I think Hollywood is mostly to blame for creating beautiful fairy tales. Hollywood creates an image of America, a powerful image/fantasy of what America must be like to live. If you've never lived in America, you really have no idea what's it's actually like.

      •  no, I don't agree, (6+ / 0-)
        Recommended by:
        Lupin, Chi, Mnemosyne, Sychotic1, poxonyou, Defiler

        most Europeans see the Hollywood stuff as what it is, entertainment that makes you laugh or smile or cry and you know it's fiction, go home and enjoy having been distracted by escaping for some hours in the dream world of some more or less nice movies. People can distinguish fiction from reality. Voice of America has always been recognized, even during the worst times in and after WWII as pure propaganda instrument of this
        good 'ol, but crazy uncle Sam.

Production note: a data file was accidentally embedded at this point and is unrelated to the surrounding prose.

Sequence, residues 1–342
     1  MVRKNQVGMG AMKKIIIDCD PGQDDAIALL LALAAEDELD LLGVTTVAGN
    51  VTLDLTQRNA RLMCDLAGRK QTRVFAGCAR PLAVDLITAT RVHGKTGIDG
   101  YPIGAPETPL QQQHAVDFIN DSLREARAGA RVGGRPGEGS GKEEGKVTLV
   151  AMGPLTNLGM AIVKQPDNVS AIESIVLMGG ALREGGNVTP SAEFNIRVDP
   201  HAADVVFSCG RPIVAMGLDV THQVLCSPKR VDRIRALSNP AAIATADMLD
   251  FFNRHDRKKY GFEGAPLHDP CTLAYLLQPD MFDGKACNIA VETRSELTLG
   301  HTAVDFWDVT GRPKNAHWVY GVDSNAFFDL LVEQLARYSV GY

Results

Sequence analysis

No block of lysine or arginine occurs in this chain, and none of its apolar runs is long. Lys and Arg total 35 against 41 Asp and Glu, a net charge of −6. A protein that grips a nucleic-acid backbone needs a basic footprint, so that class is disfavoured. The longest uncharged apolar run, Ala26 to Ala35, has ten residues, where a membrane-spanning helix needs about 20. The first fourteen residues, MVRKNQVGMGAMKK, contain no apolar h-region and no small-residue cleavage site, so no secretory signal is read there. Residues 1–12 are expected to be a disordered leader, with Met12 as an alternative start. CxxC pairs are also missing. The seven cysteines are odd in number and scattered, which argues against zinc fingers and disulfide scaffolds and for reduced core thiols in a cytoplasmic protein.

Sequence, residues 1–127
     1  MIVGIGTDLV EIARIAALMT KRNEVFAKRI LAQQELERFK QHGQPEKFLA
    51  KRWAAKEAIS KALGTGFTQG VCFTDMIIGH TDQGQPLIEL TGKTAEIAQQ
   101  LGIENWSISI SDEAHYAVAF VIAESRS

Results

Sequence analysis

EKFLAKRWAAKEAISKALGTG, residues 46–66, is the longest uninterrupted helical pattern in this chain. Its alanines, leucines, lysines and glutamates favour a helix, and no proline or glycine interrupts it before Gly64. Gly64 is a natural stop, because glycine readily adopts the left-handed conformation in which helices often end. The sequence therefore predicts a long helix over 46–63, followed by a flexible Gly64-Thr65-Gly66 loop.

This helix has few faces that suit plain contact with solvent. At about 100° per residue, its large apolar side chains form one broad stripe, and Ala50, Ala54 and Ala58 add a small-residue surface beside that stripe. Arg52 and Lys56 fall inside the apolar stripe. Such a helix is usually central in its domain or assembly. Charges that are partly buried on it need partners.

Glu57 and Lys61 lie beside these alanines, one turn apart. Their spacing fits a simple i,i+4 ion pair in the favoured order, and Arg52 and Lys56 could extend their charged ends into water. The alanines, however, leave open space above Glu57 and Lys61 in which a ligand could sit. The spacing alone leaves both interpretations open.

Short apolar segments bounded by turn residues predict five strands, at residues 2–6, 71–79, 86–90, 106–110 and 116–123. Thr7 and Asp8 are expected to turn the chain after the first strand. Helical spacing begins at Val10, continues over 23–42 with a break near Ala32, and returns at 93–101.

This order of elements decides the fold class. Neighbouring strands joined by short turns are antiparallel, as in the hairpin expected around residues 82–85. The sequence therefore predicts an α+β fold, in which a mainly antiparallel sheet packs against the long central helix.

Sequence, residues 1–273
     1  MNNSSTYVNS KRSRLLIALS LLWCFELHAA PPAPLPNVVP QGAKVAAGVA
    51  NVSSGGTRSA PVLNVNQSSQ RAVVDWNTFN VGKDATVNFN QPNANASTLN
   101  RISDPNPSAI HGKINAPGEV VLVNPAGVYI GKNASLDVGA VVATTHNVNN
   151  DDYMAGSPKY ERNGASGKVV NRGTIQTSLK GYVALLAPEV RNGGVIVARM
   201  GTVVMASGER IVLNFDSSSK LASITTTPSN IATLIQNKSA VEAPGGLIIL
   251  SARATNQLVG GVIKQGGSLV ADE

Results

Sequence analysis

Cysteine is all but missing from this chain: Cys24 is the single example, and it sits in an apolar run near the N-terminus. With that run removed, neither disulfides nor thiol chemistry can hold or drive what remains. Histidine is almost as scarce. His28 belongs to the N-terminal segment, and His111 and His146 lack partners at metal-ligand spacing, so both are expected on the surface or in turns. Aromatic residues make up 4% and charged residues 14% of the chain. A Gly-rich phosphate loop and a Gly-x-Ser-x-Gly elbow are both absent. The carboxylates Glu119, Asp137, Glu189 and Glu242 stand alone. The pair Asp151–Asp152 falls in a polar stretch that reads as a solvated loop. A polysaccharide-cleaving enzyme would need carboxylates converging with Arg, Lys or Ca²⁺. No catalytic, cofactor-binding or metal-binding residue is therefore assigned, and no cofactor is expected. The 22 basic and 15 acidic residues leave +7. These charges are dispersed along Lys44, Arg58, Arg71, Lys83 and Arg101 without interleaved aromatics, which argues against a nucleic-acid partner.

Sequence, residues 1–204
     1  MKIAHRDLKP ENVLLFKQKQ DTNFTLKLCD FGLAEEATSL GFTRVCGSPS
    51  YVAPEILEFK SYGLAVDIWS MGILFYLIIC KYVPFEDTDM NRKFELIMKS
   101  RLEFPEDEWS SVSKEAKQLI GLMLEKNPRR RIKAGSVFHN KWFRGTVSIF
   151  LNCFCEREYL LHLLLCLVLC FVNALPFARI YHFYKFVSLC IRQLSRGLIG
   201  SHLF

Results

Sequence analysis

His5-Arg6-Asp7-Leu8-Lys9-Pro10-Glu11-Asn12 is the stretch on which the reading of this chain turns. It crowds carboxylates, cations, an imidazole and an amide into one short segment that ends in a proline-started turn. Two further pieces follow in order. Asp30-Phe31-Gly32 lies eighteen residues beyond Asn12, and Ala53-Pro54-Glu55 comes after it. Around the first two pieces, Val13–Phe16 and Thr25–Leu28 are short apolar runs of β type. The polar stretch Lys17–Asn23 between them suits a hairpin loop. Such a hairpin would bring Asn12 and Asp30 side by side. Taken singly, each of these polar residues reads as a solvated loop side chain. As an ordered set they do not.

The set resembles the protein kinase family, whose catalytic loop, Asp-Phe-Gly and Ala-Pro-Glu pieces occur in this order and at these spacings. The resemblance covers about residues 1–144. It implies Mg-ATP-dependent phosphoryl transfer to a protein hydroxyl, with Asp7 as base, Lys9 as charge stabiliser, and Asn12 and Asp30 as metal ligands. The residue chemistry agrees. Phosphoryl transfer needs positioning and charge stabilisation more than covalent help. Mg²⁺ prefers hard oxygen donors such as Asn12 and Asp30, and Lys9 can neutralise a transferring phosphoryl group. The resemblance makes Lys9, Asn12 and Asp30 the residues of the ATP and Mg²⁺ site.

It's more that Europeans are born into their system and think that free public education and universal healthcare is a given, can't imagine a life without it, and think it's immoral to not strive to achieve implementation of such policies. To them it's so out of the question that they wouldn't even get the idea to think about it. So, they don't. It's off the table.
        Realizing that it's on the table for Americans leaves them speechless and thinking "it's their own fault, they deserve what they are getting". Mean spirited, but true.

        I can tell you that out of my own experience and many other Germans I have watched coming to the US and making the "jump". Everybody knows before they come here that higher education is not free in the US. No problem, they think. It seems to be human nature that you understand a condition only, if you experience it close-up and personally. For most incoming Europeans it takes to be asked very politely for the "check" when you sign up for classes to "get it".

        Now, when you happen to be in the situation to manage the money thingy, you just do it and go back and bragg about how "great" the US educational system is. That's for a tiny minority. The majority leaves after a while and they - being at home (in Europe)- mostly shut up about it, because they know they can't convey the experience. So the circle of misconception and realization of what the US system is all about goes on and on.